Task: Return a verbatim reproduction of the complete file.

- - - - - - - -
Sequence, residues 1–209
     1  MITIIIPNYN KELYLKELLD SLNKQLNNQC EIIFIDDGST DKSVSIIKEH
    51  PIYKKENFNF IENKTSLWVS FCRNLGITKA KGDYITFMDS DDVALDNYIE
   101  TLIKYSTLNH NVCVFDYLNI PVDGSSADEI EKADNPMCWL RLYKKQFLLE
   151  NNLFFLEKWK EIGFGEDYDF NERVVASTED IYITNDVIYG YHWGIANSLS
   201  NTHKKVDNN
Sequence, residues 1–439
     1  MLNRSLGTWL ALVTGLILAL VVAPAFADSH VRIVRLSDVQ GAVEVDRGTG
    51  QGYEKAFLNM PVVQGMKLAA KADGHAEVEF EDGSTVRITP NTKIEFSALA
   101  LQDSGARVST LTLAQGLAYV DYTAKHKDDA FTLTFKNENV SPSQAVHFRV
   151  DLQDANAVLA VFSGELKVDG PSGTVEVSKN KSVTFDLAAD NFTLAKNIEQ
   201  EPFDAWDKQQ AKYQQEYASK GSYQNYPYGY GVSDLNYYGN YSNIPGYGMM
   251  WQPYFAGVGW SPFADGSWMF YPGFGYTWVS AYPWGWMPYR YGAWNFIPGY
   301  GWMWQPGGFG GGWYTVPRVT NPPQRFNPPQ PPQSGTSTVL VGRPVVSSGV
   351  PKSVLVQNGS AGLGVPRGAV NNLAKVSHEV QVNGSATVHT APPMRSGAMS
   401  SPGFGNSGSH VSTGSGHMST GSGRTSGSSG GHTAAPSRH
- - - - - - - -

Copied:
Sequence, residues 1–209
     1  MITIIIPNYN KELYLKELLD SLNKQLNNQC EIIFIDDGST DKSVSIIKEH
    51  PIYKKENFNF IENKTSLWVS FCRNLGITKA KGDYITFMDS DDVALDNYIE
   101  TLIKYSTLNH NVCVFDYLNI PVDGSSADEI EKADNPMCWL RLYKKQFLLE
   151  NNLFFLEKWK EIGFGEDYDF NERVVASTED IYITNDVIYG YHWGIANSLS
   201  NTHKKVDNN
Sequence, residues 1–439
     1  MLNRSLGTWL ALVTGLILAL VVAPAFADSH VRIVRLSDVQ GAVEVDRGTG
    51  QGYEKAFLNM PVVQGMKLAA KADGHAEVEF EDGSTVRITP NTKIEFSALA
   101  LQDSGARVST LTLAQGLAYV DYTAKHKDDA FTLTFKNENV SPSQAVHFRV
   151  DLQDANAVLA VFSGELKVDG PSGTVEVSKN KSVTFDLAAD NFTLAKNIEQ
   201  EPFDAWDKQQ AKYQQEYASK GSYQNYPYGY GVSDLNYYGN YSNIPGYGMM
   251  WQPYFAGVGW SPFADGSWMF YPGFGYTWVS AYPWGWMPYR YGAWNFIPGY
   301  GWMWQPGGFG GGWYTVPRVT NPPQRFNPPQ PPQSGTSTVL VGRPVVSSGV
   351  PKSVLVQNGS AGLGVPRGAV NNLAKVSHEV QVNGSATVHT APPMRSGAMS
   401  SPGFGNSGSH VSTGSGHMST GSGRTSGSSG GHTAAPSRH